I asked him what inspired his gift. His childhood best friend went to Vietnam and was killed. Tearfully, he told me his friend was the best person he’d ever known. He hadn’t seen him since grade school.

Telling the story was cathartic for this donor. He regaled me with tales of their neighborhood, boyhood bloopers and why this tribute made his life come full circle. The act of sharing this story was powerful for this donor, and I was honored to be part of it. I know the experience made him reflect positively on this organization as well.

So why are these profiles so effective all around?

  1. They show donors that your organization appreciates and honors them. It says thank you.

  2. It offers a platform for donors to pay tribute to others who may have inspired their gift and provides an enduring testament to their generosity.

  3. It offers your organization another warm touchpoint, a way to express how their gift will be used and reinforces the impact (which platforms for future giving).

  4. It highlights giving possibilities to potential donors. It also helps people to see that it isn’t always gazillionaires who make these types of gifts.

One last reminder. Once the stories are drafted, be sure to get full approval from the donors (and a photo release). It’s an important step and one that shows respect for the donor’s time and experience. Be sure to use the content in a variety of media, including your website, social media and send a printed copy to the donor.

Upping Your Game?

I set out for a drive this past Saturday, eagerly anticipating a couple of uninterrupted hours of NPR’s Weekend Edition.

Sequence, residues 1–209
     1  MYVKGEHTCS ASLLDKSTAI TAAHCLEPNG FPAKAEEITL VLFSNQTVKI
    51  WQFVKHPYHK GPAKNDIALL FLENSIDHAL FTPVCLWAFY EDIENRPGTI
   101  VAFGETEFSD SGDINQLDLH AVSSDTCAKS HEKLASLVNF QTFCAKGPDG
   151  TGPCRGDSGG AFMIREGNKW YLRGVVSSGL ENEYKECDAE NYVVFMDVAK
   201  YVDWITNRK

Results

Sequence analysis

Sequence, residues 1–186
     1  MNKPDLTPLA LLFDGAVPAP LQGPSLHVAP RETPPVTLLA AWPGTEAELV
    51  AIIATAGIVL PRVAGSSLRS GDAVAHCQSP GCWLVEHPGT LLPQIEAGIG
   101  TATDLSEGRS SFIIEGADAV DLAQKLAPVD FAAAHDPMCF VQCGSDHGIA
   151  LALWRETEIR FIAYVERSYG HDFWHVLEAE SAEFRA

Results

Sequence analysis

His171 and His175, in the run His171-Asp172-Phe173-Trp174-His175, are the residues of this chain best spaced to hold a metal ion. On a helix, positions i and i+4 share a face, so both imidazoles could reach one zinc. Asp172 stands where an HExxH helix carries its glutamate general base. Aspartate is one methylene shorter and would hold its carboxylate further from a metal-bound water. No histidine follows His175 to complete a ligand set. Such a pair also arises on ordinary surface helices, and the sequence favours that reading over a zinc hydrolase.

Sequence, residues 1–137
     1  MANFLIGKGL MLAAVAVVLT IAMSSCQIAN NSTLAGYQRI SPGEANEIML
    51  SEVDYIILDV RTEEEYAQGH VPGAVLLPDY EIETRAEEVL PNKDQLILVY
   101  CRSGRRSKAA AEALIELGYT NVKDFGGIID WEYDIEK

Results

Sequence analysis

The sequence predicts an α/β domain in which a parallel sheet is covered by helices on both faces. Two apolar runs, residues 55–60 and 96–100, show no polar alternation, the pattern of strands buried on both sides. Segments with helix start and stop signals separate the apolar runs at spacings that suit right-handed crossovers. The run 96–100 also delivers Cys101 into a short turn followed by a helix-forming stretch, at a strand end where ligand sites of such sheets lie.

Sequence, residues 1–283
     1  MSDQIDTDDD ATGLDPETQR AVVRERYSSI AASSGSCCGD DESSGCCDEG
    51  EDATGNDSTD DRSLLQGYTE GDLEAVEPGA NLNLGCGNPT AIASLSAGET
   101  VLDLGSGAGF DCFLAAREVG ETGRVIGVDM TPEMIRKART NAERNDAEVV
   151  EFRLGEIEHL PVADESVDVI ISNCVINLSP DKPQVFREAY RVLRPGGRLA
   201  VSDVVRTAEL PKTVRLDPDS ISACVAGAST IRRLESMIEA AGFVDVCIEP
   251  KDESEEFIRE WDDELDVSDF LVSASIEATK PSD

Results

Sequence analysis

download.jpg

My spirits fell, when I learned it was the first day of another membership appeal. I started to reach for the dial, but stopped and reminded myself how much I like this station.

I’m a huge fan of National Public Radio. And we’ve been long time supporters of our local affiliate as well.

There are just so many things they do right:

  • Like using well-recognized local personalities and tying into local civic organizations to staff the phones. When you call in to pledge, you can feel the genuine support and appreciation on the other end of the phone. And many of these individuals are advocates who promote their participation in their own social circles.

  • Or encouraging donations in low, very affordable monthly amounts. A monthly commitment of $10 or $15 adds up quickly…and as we all know, that donor is far more likely to renew than someone who makes a one-time contribution of the same amount.

  • And recognizing callers as they call in, using limited-time matching gifts, tying appeals to the program time slots, and so much more.

But, I wondered, as I listened to that and subsequent appeals, could they do even more?

How could you build in recognition of and appreciation for people who are already committed supporters? Maybe call out a long-time contributor or two. Or someone who first pledged during this programming “X” years ago and continues to support the station.

Surely this could be done in a way that does not interfere with the appeal for new members. In fact, I would think showing you respect and value your supporters could only encourage further support.

What do you think? More importantly, how do you recognize past support, even while building the case for additional assistance?